This action was instituted against Smith, individually and as administrator of his wife's estate, by the trustees and the children of the decedent named as beneficiaries of the trust. The complaint prays that the defendant be required to set forth his claims against the trust estate, and that it be decreed that the trustees plaintiff are the owners of all the residue of the estate for the benefit of the six children. The action is based upon the theory that by the death of Isabell Keating Smith, the widow of the deceased, before the termination of the trust, her interest in the trust estate lapsed, and that the defendant had no interest therein, either as administrator of her estate or as one of her heirs.
The court gave judgment in favor of the defendant, adjudging that the right and interest of Isabell Keating Smith did not cease or terminate at her death, but that all of her right, title, and interest in and to the property in the hands of the trustees is to be held and managed by the trustees, subject only to and in accordance with the terms and provisions of the decree of distribution; that the trustees are to hold all the interest of said Isabell Keating Smith in the said property and in said trust for the defendant, Isaiah H. Smith, as administrator of the estate of Isabell Keating Smith, deceased, and subject to the administration of said estate, for the heirs at law of the said Isabell Keating Smith, deceased, until the termination of said trust. Thereupon all of the interest of said Isabell Keating Smith in said trust is to go to the said defendant Smith as such administrator for purposes of administration, and subject to such administration, to the heirs at law of the said Isabell Keating Smith, deceased. The court "leaves to the proper court the determination and adjudication of such heirship" in the proceeding in the matter of the estate of Isabell Keating Smith, deceased.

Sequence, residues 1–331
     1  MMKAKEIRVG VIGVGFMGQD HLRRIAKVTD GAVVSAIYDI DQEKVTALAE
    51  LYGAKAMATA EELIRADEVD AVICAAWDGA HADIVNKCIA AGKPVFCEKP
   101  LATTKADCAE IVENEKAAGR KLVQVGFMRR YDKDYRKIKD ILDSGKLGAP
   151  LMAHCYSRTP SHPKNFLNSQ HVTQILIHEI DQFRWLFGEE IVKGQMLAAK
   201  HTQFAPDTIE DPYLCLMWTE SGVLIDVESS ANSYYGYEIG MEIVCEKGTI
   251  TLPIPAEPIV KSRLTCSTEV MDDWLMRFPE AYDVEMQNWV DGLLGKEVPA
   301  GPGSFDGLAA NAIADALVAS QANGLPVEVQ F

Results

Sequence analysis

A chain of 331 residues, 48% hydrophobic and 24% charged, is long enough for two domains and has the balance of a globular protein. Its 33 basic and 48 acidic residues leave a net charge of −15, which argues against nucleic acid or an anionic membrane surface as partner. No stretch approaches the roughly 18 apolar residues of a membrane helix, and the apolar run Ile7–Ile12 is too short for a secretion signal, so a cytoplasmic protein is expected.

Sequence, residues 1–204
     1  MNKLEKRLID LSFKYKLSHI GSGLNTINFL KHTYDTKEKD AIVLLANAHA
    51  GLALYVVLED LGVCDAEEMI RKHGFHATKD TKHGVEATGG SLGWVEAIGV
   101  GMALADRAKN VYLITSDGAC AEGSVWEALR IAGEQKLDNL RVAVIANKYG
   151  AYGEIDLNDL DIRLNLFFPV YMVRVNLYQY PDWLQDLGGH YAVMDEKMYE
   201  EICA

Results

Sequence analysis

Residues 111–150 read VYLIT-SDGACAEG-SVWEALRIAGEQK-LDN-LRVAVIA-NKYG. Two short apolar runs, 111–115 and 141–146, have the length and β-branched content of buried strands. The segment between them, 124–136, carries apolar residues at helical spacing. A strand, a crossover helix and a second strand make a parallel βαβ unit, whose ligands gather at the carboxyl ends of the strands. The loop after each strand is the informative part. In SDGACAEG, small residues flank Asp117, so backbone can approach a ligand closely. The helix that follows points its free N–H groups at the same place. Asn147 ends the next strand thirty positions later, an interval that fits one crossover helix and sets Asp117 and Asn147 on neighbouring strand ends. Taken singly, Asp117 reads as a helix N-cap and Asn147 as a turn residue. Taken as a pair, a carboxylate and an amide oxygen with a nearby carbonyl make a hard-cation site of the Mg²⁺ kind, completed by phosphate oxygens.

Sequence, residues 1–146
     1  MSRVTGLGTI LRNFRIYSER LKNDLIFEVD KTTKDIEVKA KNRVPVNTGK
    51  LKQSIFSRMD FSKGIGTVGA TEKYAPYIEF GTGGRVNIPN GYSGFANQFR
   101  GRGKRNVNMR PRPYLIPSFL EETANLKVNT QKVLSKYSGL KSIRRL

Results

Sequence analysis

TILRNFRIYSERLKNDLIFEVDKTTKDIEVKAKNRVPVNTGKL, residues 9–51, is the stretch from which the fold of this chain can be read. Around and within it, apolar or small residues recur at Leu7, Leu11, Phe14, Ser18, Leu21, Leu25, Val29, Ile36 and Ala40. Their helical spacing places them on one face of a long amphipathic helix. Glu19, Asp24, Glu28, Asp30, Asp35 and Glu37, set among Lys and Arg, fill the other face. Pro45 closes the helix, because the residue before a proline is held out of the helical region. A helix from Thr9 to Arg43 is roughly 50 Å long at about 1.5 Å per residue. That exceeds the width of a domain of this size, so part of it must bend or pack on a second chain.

The plaintiffs appeal from the judgment. The facts are undisputed and the only question is whether the death of Isabell Keating Smith so terminated her interest that nothing passed to her heirs or representatives.
The will attempted to create a trust which, considered by itself, was no doubt invalid under the rule declared in Estate of Fair, 132 Cal. 523, [84 Am. St. Rep. 70, 60 P. 442, 64 P. 1000]. The validity of the trust is, however, no longer open to question. The decree of the superior court distributing the residue of the estate to trustees upon certain trusts is a conclusive adjudication of the validity of the disposition made by the testator. (Crew v. Pratt, 119 Cal. 139, [51 P. 38]; Goldtree v. Allison, 119 Cal. 344, [51 P. 561].)
And it is equally conclusive as an ascertainment and adjudication of the terms of the trust, and of the rights of all parties claiming any legal or equitable interest under the will. (Goad v. Montgomery, 119 Cal. 552, [63 Am. St. Rep. 145, 51 P. 681]; Williams v. Marx, 124 Cal. 22, [56 P. 603]; More v. More, 133 Cal. 489, [ 65 P. 1044].) The decree supersedes the will and prevails "over any provision therein which may be thought inconsistent with the decree." (Goad v. Montgomery, 119 Cal. 552, [63 Am. St. Rep. 145, 51 P. 681].) In determining the rights of the widow, we are, therefore, to look, not to the terms of the will, but to those of the decree of distribution.
The question resolves itself primarily into one of construction. Did the terms of the decree of distribution establish in the widow a present interest, which could pass, upon her death, to her heirs or devisees? By the provisions of the clauses above quoted, one third of the residue is, upon the termination of the minority of the children, to go to the widow. Her right to the possession of the principal of this third is postponed, but, under the language of the decree, she is to receive it in any event. Except in regard to the time when it may come into her possession, there is no uncertainty. The gift is not made contingent upon the occurrence or non-occurrence of any event whatever. There is no gift over in the event of her death, as there is in the case of the minor children. Furthermore, she is, during the existence of the trust, to receive one third of the income of the property.